From somewhere deep a memory stirred in his mind, surfaced and was then gone again. Had he seen her before—and if so when?
But the woman—a young woman—was speaking again, her words bringing his attention back to the present.
'Forgive me, Your Highness. I didn't know that anyone else was out here. I thought no one would notice me.'
Aziza's voice trembled in her own ears. She should have known that she could be caught out here, like this, away from the celebrations in the main hall. She also knew that Sheikh Nabil was a hard, demanding man, totally focused on security within his palace. Who could blame him after what had happened? But the noise and the heat of the anniversary party had all been rather too much for her. That and watching her older sister Jamalia flirt outrageously—or as outrageously as she dared in front of their parents—with every eligible young man who was present.
She had had to get away from the party, away from playing second fiddle to Jamalia. Away from her father's constant scrutiny of his second daughter, the one who might as well be a servant because of the way he expected her to keep in the background. She was supposed to stay there and act as chaperone. Of course Jamalia didn't want her there; and to tell the truth Aziza had wanted to be anywhere but with her sister. She hadn't even wanted to come to this party in the first place. But her father had insisted. Everyone who was anyone would be at the celebration, and their absence would most definitely be noticed if they weren't.
'Not mine,' Aziza had muttered under her breath but her mother's glare in her direction had made her think more than twice about saying the words aloud. So she had swallowed down her protest, had dressed herself in the deep pink silk gown that had been provided and had followed in her parents' footsteps into the golden palace for the evening.
Jamalia of course had thought that her reluctance was only because her sister didn't want to act as chaperone. That and the fact that Aziza was always ill at ease with the young men who flocked to her side. But there was more to it than that.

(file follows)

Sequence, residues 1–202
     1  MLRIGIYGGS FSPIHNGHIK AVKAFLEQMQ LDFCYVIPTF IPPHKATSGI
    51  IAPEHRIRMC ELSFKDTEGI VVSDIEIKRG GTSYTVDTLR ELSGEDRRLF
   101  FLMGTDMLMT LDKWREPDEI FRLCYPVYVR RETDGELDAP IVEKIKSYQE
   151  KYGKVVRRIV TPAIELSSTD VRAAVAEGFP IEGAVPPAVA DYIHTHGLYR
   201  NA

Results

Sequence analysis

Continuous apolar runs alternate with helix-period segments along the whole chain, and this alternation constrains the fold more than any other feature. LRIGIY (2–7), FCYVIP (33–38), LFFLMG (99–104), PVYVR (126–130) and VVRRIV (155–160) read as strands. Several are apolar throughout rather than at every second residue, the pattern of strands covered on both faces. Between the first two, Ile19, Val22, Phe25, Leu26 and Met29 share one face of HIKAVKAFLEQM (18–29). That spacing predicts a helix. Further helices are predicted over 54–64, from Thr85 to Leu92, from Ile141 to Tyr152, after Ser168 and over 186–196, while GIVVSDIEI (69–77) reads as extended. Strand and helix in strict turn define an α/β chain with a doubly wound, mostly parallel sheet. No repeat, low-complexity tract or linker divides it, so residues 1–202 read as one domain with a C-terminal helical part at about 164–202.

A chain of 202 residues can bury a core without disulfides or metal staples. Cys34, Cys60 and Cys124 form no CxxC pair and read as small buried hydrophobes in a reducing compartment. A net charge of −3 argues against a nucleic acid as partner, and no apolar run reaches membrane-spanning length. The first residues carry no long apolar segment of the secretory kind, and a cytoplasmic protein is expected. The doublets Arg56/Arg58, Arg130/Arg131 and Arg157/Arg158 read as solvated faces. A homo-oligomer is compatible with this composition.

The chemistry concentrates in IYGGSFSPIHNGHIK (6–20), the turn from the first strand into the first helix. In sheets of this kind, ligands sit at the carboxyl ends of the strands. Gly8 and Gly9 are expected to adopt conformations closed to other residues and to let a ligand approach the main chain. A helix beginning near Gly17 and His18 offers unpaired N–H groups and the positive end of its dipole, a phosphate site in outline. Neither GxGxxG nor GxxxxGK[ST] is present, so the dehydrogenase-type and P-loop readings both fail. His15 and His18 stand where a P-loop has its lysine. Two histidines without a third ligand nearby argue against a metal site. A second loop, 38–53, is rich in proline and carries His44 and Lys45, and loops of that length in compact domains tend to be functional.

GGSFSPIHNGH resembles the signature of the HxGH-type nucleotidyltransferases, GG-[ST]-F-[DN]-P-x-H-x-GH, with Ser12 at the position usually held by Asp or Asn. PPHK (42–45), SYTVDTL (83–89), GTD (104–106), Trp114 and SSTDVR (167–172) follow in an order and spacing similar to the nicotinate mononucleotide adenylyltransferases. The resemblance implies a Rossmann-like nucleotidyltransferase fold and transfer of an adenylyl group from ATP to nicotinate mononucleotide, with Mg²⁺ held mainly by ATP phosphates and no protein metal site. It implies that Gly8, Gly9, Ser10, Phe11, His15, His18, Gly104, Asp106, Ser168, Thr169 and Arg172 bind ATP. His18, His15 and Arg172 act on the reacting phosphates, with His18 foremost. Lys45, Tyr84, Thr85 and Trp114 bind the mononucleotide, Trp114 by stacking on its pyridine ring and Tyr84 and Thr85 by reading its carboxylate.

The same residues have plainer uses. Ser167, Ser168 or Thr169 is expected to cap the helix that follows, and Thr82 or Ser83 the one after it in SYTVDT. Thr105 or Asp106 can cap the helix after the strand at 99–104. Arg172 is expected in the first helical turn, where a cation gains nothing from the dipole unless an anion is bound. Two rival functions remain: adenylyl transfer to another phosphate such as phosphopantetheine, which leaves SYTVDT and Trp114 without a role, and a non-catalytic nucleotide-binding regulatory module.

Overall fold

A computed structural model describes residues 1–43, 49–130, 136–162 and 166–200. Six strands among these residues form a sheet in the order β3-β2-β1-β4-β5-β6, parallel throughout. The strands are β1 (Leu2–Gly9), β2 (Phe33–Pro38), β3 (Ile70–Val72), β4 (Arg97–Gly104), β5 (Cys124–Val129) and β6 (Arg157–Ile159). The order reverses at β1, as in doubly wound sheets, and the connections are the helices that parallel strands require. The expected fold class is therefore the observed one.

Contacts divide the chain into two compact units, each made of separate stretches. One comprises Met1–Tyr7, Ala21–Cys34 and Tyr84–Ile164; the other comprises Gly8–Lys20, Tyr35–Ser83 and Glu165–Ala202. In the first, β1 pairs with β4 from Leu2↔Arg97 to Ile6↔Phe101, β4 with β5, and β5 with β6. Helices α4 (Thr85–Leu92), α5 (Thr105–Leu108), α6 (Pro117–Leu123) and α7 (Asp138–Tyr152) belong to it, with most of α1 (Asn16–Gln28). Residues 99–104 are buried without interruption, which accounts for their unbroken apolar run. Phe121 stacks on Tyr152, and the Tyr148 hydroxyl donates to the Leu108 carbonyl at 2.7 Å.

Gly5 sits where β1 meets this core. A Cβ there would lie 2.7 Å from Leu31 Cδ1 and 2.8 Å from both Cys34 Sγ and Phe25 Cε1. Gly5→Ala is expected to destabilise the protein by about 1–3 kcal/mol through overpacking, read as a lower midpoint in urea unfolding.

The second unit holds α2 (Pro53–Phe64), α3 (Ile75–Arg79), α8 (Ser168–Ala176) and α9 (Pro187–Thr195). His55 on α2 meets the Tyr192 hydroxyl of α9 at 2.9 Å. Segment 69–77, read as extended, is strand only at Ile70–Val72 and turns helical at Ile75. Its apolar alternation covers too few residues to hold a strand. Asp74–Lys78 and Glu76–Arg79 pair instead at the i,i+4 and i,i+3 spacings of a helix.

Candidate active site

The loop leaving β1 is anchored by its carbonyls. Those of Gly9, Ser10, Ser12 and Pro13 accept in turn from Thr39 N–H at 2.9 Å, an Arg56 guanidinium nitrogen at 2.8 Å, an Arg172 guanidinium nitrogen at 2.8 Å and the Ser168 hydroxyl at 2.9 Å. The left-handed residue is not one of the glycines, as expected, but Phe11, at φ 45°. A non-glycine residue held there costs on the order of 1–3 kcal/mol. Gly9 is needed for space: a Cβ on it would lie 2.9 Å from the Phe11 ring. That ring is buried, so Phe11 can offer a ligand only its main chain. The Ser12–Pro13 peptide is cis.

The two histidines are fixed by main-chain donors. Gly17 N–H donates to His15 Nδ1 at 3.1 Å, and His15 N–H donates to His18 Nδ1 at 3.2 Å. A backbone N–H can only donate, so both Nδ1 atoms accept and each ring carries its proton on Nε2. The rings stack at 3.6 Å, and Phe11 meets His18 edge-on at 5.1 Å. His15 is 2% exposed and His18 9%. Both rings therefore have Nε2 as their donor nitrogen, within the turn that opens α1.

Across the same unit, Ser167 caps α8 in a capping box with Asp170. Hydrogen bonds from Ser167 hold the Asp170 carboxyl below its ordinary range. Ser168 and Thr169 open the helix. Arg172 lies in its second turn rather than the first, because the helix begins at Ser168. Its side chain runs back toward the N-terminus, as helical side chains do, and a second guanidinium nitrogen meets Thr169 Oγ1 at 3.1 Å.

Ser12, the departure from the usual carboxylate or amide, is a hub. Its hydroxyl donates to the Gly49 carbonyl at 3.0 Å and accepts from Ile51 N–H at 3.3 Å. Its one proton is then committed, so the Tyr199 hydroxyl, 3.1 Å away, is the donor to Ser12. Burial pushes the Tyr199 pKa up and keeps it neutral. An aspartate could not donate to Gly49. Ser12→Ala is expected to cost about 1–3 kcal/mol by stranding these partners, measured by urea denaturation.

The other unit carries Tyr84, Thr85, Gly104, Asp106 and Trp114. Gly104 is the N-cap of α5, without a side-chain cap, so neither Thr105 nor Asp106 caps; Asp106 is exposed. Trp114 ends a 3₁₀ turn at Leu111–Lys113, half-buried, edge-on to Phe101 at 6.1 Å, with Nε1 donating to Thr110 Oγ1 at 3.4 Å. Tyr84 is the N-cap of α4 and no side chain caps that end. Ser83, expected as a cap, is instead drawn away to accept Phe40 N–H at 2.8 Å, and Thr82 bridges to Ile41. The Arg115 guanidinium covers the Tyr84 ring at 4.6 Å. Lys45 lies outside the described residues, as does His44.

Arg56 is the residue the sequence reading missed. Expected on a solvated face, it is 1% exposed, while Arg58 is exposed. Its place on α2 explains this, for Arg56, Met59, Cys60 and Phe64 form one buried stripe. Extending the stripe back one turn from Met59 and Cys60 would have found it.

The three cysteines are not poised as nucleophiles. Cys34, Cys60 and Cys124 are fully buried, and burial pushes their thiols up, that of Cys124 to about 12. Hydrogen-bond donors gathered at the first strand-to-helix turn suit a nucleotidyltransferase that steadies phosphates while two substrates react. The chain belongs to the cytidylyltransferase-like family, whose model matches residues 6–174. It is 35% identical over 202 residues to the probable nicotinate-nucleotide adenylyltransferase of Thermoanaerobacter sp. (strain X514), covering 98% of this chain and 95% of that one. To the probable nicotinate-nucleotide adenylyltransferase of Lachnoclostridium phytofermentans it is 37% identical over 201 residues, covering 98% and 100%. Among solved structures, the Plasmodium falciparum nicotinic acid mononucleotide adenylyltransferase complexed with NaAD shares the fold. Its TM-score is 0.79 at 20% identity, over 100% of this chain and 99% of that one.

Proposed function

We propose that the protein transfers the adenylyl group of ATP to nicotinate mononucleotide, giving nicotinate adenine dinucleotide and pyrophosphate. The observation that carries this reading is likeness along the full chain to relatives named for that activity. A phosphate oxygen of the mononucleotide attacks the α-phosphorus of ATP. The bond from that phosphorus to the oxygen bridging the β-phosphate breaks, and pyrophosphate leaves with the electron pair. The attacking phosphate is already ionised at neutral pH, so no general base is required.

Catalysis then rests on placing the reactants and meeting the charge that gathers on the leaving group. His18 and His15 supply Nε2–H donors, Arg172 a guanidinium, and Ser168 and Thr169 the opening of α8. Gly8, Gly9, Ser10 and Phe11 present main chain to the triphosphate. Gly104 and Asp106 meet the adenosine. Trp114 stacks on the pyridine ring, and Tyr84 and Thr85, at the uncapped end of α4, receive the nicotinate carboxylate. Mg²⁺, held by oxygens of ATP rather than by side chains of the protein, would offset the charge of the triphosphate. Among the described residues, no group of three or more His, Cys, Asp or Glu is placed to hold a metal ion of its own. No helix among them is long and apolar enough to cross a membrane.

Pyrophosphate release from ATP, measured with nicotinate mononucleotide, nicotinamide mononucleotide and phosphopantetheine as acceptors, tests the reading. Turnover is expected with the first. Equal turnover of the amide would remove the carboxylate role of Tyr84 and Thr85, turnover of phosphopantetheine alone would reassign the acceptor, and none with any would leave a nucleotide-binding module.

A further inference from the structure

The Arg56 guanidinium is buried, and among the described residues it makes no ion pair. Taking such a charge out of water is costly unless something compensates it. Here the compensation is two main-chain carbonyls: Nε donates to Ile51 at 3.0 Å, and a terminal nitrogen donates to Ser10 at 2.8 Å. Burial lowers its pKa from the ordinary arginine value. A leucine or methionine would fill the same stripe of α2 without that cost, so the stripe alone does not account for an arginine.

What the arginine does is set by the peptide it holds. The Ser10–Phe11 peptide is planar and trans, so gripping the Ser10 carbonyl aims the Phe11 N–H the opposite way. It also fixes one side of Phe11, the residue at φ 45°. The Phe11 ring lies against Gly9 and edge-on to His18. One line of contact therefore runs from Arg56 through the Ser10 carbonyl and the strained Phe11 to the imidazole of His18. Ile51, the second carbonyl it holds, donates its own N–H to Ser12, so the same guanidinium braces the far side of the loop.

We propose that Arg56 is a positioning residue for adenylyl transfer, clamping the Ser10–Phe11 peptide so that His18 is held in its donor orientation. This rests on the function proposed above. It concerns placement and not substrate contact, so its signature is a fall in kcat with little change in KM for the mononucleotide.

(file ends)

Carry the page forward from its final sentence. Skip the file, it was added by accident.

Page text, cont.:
And now the real reason why she had been so unwilling to come tonight was standing right before her, tall and powerful, the scent of his skin swirling round her, his dark head blotting out the light of the moon so that she was totally in his shadow.
It was a place she was used to, she acknowledged privately. She had always been in Nabil's shadow, always trailing after him from the moment when, as a lordly twelve-year-old on a visit to her parents' home, he had flung himself from the saddle of a horse that had seemed skyscraper high to her diminutive five-year-old status and tossed the reins in the direction of a groom.
'Who are you?'
The question, hard and sharp, was exactly the same one that Nabil had demanded of her all those years before so that for the moment she didn't recognise the fact that it had come from Nabil and not from her memories. It was only when she saw his mouth clamp tight together in the darkness of the rich beard he now sported that she realised he had asked her now and not then.
'Just a maid.'
She looked the part well enough, she reflected. The pink gown wasn't new, of course, but one handed down from Jamalia. 'It will do for Zia,' her father had said. Because Aziza wasn't the one being paraded in front of the Sheikh in the hope of an advantageous marriage, as her sister was.
'I—I am with Jamalia, sire.'
Instinct made her spread her skirts, sweeping into a low and careful curtsey. She hoped that the obeisance she showed him might ease the tension she could feel coming in waves from the tall, powerful man before her. Her mother had worried that she would stumble into some awkward situation if she went off on her own, and right now it seemed that Naddiya had been right. But the truth was that this situation was not of the politicking and plotting that her parents were obsessed with and much more on a personal level.
Some instinct made her give the nickname everyone in her family used. At least that way he might not associate her directly with her parents and their political manoeuvrings. It was impossible to avoid the sting of wry reflection at the thought of just why her given name had been shortened to this form.
'Aziza, hmm?' her father had said. 'A name that means "the beautiful one" for someone so small and plain? I think not. Let's face it, our second daughter could never be the beautiful one when compared with her sister.' He had shortened her name to Zia and it had stuck.
'I needed some air. I ask your pardon.'
An impatient, dismissive wave of his hand flicked away her explanation, making her break off in confusion. Had he forgiven her for being here—hiding, as he would see it, in the darkness? She'd taken a real risk, knowing how tight the security still was in the place. So she would only have herself to blame if this all turned nasty.